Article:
“Everyone creates the thing they dread.”
Tony Stark, you big jerk! You’ve doomed us all! The ego-driven industrialist has finally screwed up big-time with his latest invention, Ultron. The artificial intelligence, which should have been an agent of global protection, immediately deduces that the best way to accomplish his mission is with the extinction of humanity.
Age of Ultron, the eleventh film in the Marvel Cinematic Universe, takes practically every character from the first (or sixth, depending on how you look at it) film, as well as secondaries introduced in other MCU films, and even a healthy handful of fresh faces, and sics the killer robots on them. The plot is pretty straightforward, so the focus can be kept on the personal stories of the seemingly endless supply of heroes, and presenting plenty of opportunities for them to creatively kick robo-butt, as well as to prove to themselves if they truly deserve to be Avengers. Newcomers like the Maximoff Twins (Aaron Taylor-Johnson and Elizabeth Olsen) and Ultron (James Spader) shine the brightest, for they get the most complete arcs, with beginnings, middles, and endings/sequel hooks. Returning champions like Iron Man, Captain America, and The Incredible Hulk, on the other hand, don’t get enough opportunity to grow emotionally, and Black Widow starts strong before getting pigeonholed into the all-too-familiar damsel-in-distress role, a stupefying move on the part of writer-director Joss Whedon, whose past work has made a point of avoiding such pitfalls. Then, The Mighty Thor basically walks out of the film for at least fifteen minutes to embark on a quest of great significance… Which presumably wound up on the cutting room floor, since much of his vision is regrettably unaddressed. Fortunately, Jeremy Renner’s Hawkeye, the lone Avenger who truly drew the short straw last time around, gets the best arc in the entire movie, complete with a motivational speech at a critical moment that would make Captain America proud.
The movie has a lot to juggle, which is ultimately the problem. While it would let down the fans, as well as the fundamental premise of the film, to ditch some of the roster, the film ultimately suffers from simply having too much on its plate. As a result, several themes and sub-plots that are set-up or implied are left hanging, or worse, saved for later films. The main victim in this case is Tony Stark, whose entire development is flat, all to be saved for 2016’s Captain America: Civil War. While that film will eventually redeem Stark’s characterization (if not necessarily his character) from this film, there is a lack of empathy, ownership, and responsibility from Tony to Ultron. He created him, he is like his father, but that interesting dynamic, which is certainly there, in subtext and parental overtones throughout, deserves to be expounded upon in a meaningful way to elevate Ultron from a stock Marvel villain to a truly remarkable figure.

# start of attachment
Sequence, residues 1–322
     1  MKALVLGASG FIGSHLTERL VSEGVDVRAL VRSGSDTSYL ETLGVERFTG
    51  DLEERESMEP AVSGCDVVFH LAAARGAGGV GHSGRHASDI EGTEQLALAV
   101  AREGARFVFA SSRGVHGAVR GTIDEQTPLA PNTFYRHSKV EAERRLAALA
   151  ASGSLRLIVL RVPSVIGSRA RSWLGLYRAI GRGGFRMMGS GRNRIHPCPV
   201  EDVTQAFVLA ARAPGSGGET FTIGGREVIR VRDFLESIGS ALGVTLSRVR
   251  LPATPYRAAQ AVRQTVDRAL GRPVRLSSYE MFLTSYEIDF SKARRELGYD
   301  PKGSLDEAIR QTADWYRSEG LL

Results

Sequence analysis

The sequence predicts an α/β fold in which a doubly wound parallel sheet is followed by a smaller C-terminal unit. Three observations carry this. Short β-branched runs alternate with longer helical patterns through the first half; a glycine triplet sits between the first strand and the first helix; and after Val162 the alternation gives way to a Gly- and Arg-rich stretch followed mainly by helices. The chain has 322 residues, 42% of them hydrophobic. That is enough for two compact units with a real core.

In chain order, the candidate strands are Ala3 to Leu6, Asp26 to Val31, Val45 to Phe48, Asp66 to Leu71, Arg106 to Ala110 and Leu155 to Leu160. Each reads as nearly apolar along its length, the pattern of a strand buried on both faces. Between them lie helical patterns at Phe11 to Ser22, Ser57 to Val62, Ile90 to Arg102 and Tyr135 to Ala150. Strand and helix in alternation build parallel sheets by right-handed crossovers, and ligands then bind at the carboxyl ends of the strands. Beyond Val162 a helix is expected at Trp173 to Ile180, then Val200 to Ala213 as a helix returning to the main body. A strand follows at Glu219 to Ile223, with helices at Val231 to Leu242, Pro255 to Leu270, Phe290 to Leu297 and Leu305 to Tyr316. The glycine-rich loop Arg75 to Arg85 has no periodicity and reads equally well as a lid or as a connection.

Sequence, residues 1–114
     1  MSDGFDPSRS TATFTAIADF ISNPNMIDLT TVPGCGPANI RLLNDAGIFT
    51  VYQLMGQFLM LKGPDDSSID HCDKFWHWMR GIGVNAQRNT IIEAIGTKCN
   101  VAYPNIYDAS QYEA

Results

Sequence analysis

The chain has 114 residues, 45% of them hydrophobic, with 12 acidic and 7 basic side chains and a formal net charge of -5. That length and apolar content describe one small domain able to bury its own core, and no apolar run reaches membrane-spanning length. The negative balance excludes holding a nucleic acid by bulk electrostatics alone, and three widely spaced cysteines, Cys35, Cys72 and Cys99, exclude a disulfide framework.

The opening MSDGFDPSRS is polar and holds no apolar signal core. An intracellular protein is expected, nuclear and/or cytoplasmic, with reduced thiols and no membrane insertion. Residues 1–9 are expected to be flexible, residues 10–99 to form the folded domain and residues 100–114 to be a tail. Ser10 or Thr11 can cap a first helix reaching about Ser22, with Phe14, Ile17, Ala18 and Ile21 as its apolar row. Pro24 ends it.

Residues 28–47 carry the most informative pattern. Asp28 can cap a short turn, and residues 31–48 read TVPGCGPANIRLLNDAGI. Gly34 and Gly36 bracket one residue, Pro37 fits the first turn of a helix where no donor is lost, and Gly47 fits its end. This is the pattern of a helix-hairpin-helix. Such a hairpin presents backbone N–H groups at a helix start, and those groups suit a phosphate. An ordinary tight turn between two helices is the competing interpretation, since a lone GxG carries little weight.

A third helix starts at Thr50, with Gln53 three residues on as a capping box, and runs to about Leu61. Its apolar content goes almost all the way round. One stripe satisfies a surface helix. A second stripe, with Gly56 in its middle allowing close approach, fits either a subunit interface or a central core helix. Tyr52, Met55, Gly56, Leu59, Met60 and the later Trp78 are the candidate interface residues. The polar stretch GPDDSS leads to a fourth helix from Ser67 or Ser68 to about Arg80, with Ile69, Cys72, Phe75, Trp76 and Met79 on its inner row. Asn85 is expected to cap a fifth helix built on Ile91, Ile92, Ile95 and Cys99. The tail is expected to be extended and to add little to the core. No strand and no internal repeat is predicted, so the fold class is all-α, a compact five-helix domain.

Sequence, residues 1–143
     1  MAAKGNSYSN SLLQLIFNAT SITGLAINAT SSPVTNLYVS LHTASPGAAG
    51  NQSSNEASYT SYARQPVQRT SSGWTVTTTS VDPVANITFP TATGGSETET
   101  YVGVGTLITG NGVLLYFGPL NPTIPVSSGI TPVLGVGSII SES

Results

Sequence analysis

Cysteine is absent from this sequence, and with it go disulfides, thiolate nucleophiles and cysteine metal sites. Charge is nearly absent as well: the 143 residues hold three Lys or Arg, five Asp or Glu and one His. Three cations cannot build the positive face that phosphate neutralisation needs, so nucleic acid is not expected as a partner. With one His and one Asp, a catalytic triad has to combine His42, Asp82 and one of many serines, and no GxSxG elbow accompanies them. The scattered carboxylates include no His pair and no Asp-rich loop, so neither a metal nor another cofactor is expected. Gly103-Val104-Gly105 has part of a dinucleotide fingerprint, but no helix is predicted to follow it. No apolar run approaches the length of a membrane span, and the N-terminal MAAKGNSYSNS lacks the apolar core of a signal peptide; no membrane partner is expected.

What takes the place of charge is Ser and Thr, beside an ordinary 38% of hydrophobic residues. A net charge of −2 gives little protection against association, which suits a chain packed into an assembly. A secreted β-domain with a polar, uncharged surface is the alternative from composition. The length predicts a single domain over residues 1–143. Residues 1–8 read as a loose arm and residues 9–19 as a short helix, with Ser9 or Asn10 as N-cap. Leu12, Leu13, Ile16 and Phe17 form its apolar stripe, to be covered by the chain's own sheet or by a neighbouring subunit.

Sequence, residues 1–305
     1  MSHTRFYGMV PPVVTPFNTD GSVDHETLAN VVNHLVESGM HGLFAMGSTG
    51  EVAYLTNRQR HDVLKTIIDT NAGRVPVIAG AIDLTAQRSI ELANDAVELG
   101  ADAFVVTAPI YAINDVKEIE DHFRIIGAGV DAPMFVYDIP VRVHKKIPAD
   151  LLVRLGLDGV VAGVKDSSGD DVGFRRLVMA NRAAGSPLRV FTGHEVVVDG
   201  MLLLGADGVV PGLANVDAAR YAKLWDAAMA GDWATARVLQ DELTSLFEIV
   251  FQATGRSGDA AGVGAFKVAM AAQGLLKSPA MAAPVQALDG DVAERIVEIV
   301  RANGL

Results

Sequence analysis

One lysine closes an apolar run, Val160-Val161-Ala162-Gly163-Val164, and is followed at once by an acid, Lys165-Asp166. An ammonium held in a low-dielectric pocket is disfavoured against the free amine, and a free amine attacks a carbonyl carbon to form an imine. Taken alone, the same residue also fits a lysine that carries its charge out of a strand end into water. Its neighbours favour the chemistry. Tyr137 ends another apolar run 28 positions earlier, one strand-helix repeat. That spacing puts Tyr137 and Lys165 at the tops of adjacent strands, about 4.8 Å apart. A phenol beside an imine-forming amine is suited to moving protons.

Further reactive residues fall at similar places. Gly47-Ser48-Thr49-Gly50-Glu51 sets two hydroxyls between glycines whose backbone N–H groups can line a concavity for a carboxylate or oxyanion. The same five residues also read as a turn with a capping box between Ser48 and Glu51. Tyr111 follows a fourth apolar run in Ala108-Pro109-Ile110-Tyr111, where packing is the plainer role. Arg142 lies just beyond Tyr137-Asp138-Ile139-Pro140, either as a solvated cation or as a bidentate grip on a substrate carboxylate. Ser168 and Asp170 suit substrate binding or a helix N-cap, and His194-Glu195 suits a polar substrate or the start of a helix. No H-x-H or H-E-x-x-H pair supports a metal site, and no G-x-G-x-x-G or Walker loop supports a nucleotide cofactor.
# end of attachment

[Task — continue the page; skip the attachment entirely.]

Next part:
It’s the same syndrome which plagued Iron Man 2; back then, we were already being stoked for The Avengers, so the film cut all of the interesting parts of Mickey Rourke’s character to fuel the next movie at the expense of itself. In Age of Ultron, Thor’s quest and the relationship between Stark and Ultron have been cut to make room for scenes of Stark and Captain America shooting the breeze. They’re great scenes (particularly the wood-chopping scene) which build anticipation for the next film, but they ultimately bring down this one.
“Every time someone tries to stop a war before it starts, innocent people die. Every time.”
The saddest part about the almost-ness of AoU is that what’s on the screen is absolutely gorgeous: the action scenes are bigger and more fully realized than anything that came before, chock-full of clever jokes and witty banter. AoU follows-up on the themes and characters of the Phase 2 films in meaningful ways, and it’s still a really fun ride with incredible special effects (though some CGI in the opening sequence looks a little rough). It’s just missing the soul of the MCU’s better chapters, and comes across too much like a manufactured product, rather than an artistic expression. It was a line that earlier movies were able to avoid crossing, but, surely due to its epic scope, Age of Ultron winds up on the wrong side of the divide. It’s good, but only rarely great, and is more concerned with building hype for future movies than it is with providing a meaningful experience itself. As such, it might be the movie we wanted, but not the one we truly deserve.